Duck Hunt was another of my favourite games that we had – we only bought this, later on, my mum didn’t like the idea of it having a gun controller. But I loved Duck Hunt, and I was actually good at it! I spent ages shooting ducks and shouting at the dog for laughing at me when I missed – damn you!

The NES was a permanent fixture in our house for many years, it would be plugged into the old CRT TV in the lounge, and I would play while my parents watched.

I have no idea when we got rid of our NES’ – they probably ended up going to a car boot and being sold to some lucky person.

When I decided I was going to collect retro consoles, the NES was one of the first ones I wanted to get. I’d have to buy all the games for it again, but I had to get it when I found a cheap one on eBay.

My rebought NES now sits with all my other retro consoles in the game room – well, it will when they’re unpacked from their boxes when we’ve moved (I can’t wait for that.)

It will take me a while to rebuild my game collection, mainly because people are charging a fortune for some of them.

Not long after I bought my NES, the Mini NES was released, so I figured why not?

The Mini NES was a mini version – no kidding – of the NES that comes with 30 preinstalled games, some of which I’d never played and would cost a lot if I were to try to buy physical copies for the original NES.

Along with the Mini SNES and Commodore 64, the NES sits happily on my shelves as a reminder of some truly excellent games.

All in all, the NES was a brilliant introduction to the world of consoles, and it will also stick in my mind for that reason.

What are your memories of the NES? What games did you enjoy playing on this system?

Moonlighter – Sales and Slashing (A Review)

Last year we discovered a new game; Moonlighter.

We watched a trailer for this delightful little dungeon crawling shopkeeper game and straight away we knew that it was our kind of game. It was reasonably cheap for a physical copy, so we went ahead and ordered a copy.

When it arrived, I was knee-deep in We Happy Few, and although I was really into it and wanted to finish it, (it had been on my ‘to-play’ pile for a long time), I couldn’t wait to get Moonlighter going. Luckily I could stick it in to install and still play We Happy Few for a bit.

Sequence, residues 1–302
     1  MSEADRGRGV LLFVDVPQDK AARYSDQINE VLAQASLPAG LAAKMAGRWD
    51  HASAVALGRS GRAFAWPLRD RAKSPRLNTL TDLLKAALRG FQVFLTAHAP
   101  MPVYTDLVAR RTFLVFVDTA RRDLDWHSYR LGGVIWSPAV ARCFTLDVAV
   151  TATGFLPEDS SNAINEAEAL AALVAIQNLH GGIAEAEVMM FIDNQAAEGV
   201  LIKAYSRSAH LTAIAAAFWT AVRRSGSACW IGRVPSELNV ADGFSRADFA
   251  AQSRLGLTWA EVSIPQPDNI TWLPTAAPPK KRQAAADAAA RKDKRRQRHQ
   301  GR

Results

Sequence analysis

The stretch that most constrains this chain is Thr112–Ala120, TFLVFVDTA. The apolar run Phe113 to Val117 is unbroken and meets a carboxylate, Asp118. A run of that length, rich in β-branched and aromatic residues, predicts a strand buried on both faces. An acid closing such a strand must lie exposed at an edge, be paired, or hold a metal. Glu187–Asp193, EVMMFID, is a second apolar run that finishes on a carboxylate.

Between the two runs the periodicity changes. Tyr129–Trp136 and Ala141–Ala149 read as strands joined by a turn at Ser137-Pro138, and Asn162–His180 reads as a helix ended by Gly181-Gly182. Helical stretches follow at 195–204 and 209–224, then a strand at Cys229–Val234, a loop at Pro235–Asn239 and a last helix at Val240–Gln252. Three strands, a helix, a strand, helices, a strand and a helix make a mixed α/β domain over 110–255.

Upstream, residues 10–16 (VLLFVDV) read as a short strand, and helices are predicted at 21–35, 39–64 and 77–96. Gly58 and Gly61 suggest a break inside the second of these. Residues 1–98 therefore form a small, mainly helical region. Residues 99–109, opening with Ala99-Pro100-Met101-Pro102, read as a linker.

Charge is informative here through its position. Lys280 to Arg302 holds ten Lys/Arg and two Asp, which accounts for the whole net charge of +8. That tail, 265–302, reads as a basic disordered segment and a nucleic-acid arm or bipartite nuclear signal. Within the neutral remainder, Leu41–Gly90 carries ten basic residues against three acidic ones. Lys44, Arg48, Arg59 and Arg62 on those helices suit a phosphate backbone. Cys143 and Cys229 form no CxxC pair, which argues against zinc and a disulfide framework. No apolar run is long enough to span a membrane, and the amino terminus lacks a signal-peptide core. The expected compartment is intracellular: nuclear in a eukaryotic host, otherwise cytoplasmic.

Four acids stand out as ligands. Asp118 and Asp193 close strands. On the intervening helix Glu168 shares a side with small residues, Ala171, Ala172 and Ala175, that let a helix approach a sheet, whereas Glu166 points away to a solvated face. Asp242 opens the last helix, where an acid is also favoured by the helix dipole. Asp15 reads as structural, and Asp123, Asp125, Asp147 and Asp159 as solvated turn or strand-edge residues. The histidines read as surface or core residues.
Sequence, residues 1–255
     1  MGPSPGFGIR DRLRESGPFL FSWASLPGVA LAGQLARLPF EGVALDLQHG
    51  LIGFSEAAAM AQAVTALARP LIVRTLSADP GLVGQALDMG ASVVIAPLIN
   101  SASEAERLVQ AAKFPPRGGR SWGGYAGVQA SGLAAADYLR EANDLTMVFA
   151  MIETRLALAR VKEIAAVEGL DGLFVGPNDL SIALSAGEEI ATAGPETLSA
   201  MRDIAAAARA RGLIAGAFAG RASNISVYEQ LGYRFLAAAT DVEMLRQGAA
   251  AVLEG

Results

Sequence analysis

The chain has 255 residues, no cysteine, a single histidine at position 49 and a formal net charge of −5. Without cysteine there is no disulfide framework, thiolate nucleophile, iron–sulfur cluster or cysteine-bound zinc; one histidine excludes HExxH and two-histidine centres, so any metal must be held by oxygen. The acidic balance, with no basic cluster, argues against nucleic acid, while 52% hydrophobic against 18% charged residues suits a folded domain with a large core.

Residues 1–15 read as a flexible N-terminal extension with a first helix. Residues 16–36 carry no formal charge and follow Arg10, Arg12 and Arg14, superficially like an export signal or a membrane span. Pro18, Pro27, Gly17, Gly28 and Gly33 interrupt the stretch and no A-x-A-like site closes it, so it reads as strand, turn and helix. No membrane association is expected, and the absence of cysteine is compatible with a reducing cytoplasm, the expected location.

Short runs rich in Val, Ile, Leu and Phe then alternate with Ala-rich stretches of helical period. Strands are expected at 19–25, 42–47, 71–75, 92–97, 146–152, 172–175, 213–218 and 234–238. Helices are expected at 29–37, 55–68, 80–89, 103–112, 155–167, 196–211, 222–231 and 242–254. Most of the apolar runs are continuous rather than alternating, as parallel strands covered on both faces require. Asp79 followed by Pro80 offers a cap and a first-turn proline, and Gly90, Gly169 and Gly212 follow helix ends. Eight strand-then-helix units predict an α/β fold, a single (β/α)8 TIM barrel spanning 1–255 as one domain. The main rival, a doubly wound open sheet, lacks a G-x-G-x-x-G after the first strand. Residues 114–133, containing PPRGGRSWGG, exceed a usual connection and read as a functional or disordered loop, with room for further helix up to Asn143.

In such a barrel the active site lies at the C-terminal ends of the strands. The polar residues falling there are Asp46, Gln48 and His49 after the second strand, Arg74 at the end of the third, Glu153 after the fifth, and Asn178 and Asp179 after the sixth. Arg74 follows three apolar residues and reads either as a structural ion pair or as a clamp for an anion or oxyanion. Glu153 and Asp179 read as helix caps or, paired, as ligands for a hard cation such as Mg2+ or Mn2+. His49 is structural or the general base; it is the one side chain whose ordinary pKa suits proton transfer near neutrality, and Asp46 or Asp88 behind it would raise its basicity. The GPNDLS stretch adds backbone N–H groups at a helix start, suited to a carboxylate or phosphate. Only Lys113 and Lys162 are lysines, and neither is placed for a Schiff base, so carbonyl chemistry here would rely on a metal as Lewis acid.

Once it was installed I was in there.

When the game starts you find yourself in a dungeon – one that looks like it’s straight out of Zelda: A Link to the Past – you’re in control of the main character Will, and you have to fight your way through a few screens of enemies until you get overwhelmed. At this point, you’re unsure as to whether you’re supposed to fight or just give in so this bit was a cause of much confusion.

When you’re pulled out of the dungeon, you find out that you’re tasked with running your grandfather’s shop Moonlighter, but that Will harbours a secret yearning to become an adventurer and hero.

The way that the game separates the two tasks is quite good, by allowing you to adventure at night and then run your shop during the day – which you need to do, to earn money, to upgrade your gear so you can fight your way through the dungeons.

It’s such a simple premise when you think about it, but it works so well and is extremely enjoyable.

The shop bit is a fun addition to what may have been an average dungeon crawler. Not only do you sell the things you find in the dungeon, but you also have to adjust prices to customer demand and even do tasks for them. It’s all about fine-tuning your selling price and not flooding the market with a particular item. Oh yeah, and there are thieves you need to stop whilst your busy serving customers…bastards.

Along with upgrading your weapons and gear, you can also buy upgrades for your shop to allow you to buy more selling and storage space. There are also several upgrades for the town where your shop is situated, businesses like potion shops and blacksmiths that will help you along your dungeon adventure.

The dungeon side of things is all simple. There are 4 types of dungeons which have various kinds of enemies of varying difficulties. As you complete one dungeon by defeating the boss, the next one opens up to you.

Inside the dungeon, there are a total of 3 floors (including the boss at the end of the third) in which you need to get through. You don’t have to get through them all in one go as you gain a pendant that will allow you to save your progress, leave the dungeon, and then go back later. This is useful as the one thing that you can’t upgrade through the game is the size of the bag you carry that stores the items you pick up through the dungeons. This is good in a way because it makes you think about what you’re picking up and making space for the more valuable items, customer quest items, or things you need for the upgrades.

Throughout most of the game, you’re on your own in the dungeons. But there are eggs that you can pick up, that hatch a little buddy. This buddy will follow you around and help you fight enemies.

We enjoy a good trophy hunt and Moonlighter provides some fun trophies to get, some of them are a little on the hard side due to not being able to save and redo bits. In particular the ones where you have to kill the bosses without being hit; this requires a lot of practice, and another where you have to kill each boss by using your trusty broom for the last hit. The platinum may be just out of reach to all but the seasoned adventure, but if you’re so inclined it does add the extra playability after you’ve finished the main story.

Overall, Moonlighter is excellent. It’s not too taxing and is quite a good stress reliever with its retro graphics, slow pace, and soothing soundtrack. For the price that this game is, it’s well worth it and maybe a bit more. I would definitely give this ⭐️⭐️⭐️⭐️⭐️ and recommend it to anyone that asked.